Abstract painter Helen Shulman’s immediacy with the natural environment is reflected in her resonant oil and mixed media paintings, where often the notion of landscape is conjured. Her process begins with an under-painting, gradually built upon with complex layers of color purposefully scraped and sanded at various stages to create depth and contrast. Compositionally, Shulman’s paintings suggest influences by the Hudson River School painters and Richard Diebenkorn’s distinct geometric style. For many years she and her husband have split their time between Vermont and Naples.
“The vast, ever-changing, glorious Florida skies juxtaposed with the intimate, deep woods and green mountains of Vermont move me profoundly,” says Shulman. “When I’m painting, I’m moving past streams, studying rocks, stopping to listen to mocking birds or gazing at full puffy clouds. I experience a satisfying solitude when I’m making my pictures. My hope is viewers will feel invited to pause, take a deep breath, let their shoulders drop and enter places where their imaginations flourish.” For more information, visit www.helenshulman.com.
Originally from Banjaluka in Bosnia, Amer Kobaslija fled his war-ravaged homeland in 1993, and arrived in refugee camps in Nuremberg, Germany. Later, he traveled to Düsseldorf, where he attended the Kunst Akademie. In 1997, Kobaslija was offered asylum by the United States. He immigrated to Florida and completed his Bachelor’s of Fine Arts in Painting and Printmaking at Ringling College. In 2003, he went on to pursue a Master of Fine Arts degree in painting at Montclair State University in New Jersey. In 2005, Kobaslija was awarded a grant from the Joan Mitchell Foundation; the following year, he received a grant from the Pollock-Krasner Foundation. In 2013, Kobaslija was awarded the Guggenheim Fellowship. Kobaslija’s works have been reviewed and printed in publications such as The New York Times, Art in America, ARTNews, Art & Antiques, New York Magazine, The Village Voice, New York Time Out, The New York Sun, The Florida Times Union, The San Francisco Chronicle, among others. Currently, Kobaslija teaches painting at Gettysburg College in Pennsylvania and divides his time between New York City, Gettysburg, Florida and Switzerland.
Kobaslija’s obsessively realistic, richly detailed paintings often depict his own studio: a windowless, white room crammed with art paraphernalia. Most of the works in this exhibit come from a new series the artist is working on called “Florida Diaries.” He says that he’s attempting to “convey the sense of natural wonder—and what it feels like to be there: the phenomenon of being in that place. Considering that these oasis-like environments are silently vanishing—there is this other evolving narrative of loss and the troubled relation between our species and nature. By not directly painting the effects of the pollution and climate change, the idea is to imply it through the absence of it.” According to Kobaslija, climate change aside, Florida is haunted by its history.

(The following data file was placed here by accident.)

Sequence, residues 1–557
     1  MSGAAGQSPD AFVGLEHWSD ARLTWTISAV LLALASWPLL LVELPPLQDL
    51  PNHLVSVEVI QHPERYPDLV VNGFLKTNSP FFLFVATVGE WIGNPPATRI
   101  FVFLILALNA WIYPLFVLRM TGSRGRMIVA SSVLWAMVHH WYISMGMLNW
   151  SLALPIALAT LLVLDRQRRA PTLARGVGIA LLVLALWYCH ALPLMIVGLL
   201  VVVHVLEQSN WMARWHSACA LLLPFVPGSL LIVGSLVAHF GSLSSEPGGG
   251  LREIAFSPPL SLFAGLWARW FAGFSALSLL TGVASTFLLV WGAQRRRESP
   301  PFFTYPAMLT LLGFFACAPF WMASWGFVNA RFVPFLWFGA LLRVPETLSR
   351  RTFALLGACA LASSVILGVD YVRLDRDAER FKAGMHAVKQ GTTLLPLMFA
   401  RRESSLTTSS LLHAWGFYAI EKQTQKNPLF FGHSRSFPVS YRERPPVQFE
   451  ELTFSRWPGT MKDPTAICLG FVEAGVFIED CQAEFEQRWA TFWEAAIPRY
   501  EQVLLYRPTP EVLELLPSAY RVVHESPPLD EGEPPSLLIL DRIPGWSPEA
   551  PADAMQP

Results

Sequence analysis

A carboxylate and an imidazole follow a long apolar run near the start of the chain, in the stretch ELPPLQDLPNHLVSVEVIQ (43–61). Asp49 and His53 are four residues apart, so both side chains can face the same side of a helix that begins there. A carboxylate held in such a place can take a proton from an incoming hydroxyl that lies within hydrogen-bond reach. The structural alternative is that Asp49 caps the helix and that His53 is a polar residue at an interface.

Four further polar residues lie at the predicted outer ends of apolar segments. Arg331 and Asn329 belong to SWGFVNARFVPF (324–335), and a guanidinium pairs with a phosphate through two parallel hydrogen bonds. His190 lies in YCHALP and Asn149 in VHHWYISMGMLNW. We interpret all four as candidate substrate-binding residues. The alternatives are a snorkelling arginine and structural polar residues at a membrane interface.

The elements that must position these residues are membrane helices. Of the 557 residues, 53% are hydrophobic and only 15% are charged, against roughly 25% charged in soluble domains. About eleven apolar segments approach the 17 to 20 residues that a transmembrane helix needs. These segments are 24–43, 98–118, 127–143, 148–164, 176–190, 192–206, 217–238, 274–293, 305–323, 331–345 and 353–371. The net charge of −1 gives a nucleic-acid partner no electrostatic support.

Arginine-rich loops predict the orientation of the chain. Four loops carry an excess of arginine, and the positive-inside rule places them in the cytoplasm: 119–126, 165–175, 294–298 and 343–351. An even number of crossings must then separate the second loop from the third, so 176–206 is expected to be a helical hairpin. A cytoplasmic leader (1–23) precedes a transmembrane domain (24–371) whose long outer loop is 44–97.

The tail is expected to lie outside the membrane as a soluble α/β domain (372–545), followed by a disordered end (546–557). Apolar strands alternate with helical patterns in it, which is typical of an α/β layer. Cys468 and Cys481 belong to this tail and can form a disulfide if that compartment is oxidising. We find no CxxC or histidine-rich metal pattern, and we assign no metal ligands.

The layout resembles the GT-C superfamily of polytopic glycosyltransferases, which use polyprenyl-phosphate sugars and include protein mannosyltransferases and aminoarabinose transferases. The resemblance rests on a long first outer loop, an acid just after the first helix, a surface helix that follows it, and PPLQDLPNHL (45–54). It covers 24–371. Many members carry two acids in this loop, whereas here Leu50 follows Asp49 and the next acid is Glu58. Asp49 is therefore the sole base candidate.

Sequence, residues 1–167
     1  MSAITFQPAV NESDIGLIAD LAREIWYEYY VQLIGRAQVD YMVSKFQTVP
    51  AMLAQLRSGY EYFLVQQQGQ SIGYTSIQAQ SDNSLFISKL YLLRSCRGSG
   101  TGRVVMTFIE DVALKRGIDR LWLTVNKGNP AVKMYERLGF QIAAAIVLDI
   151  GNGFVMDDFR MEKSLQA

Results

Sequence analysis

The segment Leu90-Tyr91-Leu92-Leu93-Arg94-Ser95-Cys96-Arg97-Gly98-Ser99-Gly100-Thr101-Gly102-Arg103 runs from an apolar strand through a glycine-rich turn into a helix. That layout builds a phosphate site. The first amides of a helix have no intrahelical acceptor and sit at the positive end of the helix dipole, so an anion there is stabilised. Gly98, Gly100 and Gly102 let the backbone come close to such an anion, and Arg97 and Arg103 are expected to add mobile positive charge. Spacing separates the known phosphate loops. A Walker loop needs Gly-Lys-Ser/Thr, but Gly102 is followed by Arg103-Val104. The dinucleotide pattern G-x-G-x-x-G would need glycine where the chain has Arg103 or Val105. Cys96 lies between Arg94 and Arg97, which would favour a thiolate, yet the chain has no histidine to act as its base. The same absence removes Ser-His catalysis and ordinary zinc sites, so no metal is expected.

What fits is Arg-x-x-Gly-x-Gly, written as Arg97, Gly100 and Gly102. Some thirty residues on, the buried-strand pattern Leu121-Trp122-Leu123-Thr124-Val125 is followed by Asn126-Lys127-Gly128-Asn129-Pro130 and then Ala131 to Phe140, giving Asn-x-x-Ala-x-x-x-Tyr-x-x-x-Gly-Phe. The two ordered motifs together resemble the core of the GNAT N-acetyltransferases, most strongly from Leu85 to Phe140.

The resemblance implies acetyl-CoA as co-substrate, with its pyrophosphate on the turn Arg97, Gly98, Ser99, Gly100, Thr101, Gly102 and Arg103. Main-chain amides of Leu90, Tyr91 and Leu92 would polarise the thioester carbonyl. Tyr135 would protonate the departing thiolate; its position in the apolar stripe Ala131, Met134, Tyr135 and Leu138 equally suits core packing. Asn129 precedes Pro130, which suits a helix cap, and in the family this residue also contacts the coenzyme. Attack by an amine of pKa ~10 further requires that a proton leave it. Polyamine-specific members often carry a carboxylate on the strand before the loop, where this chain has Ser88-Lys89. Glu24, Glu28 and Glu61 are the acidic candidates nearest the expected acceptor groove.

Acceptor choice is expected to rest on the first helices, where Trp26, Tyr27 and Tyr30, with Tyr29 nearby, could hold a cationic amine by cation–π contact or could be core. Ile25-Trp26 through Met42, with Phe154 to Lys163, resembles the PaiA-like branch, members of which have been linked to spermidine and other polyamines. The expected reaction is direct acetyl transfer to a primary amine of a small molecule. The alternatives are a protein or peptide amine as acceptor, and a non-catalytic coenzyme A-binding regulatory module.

“Centuries ago, the Europeans came and conquered and did much harm in the process,” he says. “We are also aware of recent events, including the murder of Treyvon Martin, as an episode symptomatic of greater obstacles haunting the state of Florida and the rest of the nation. There is much that is brewing beneath these otherwise calm Florida waters. Paintings are portals. They are also mirrors, revealing as much about the see-er as the seen.”
After receiving her certificate of fine art at California Institute of the Arts in the late 1980s, Claudia Ryan says she went into hermetic seclusion, working in nursing to support herself. She drew and painted obsessively, fueled by “loneliness, rage, and my experiences dealing with patients.” In 2000, she returned to school and received an MFA at the University of South Florida. Ryan's work mimics, or occasionally is, the act of writing, a kind of frenetic mark-making. With pastels or other markers, she builds massive surfaces over time—erasing, scratching, remarking. These traces of action, invoking or sometimes describing nightmarish, psychologically intense subject matter, give the impression of expunging private demons while passionately celebrating life.
“My painting process is similar to my drawing practice,” says Ryan. “I build up surfaces and images by repeatedly working over and over them so that the first painting I make is often totally eliminated, or morphs into something else. In this way, I hope the paintings become like road maps of psychological states. I want to create an alternate universe of feeling that is ultimately freeing.” For more info, visit www.claudiaryan.com
Allyn Gallup Contemporary Art was established in 1991. Since then, the gallery has earned the reputation as the leading place in southwest Florida to view contemporary art. The gallery’s collection includes paintings, sculptures, mixed-media assemblages, works on paper and prints by mid-career artists with well-established exhibition records. The gallery also occasionally showcases works by promising emerging artists.